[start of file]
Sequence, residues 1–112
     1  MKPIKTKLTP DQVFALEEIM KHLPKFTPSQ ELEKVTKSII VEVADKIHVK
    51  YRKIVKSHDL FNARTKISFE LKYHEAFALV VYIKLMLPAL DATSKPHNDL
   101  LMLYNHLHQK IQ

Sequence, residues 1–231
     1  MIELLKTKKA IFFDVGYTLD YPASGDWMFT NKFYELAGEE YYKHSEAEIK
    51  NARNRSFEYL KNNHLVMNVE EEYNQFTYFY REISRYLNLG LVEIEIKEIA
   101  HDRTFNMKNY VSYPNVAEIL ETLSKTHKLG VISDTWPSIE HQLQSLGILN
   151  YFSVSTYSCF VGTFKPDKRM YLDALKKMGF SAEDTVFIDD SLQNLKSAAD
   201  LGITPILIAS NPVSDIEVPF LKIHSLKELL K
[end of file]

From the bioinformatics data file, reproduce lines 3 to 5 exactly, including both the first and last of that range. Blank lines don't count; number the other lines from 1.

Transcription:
    51  YRKIVKSHDL FNARTKISFE LKYHEAFALV VYIKLMLPAL DATSKPHNDL
   101  LMLYNHLHQK IQ

Sequence, residues 1–231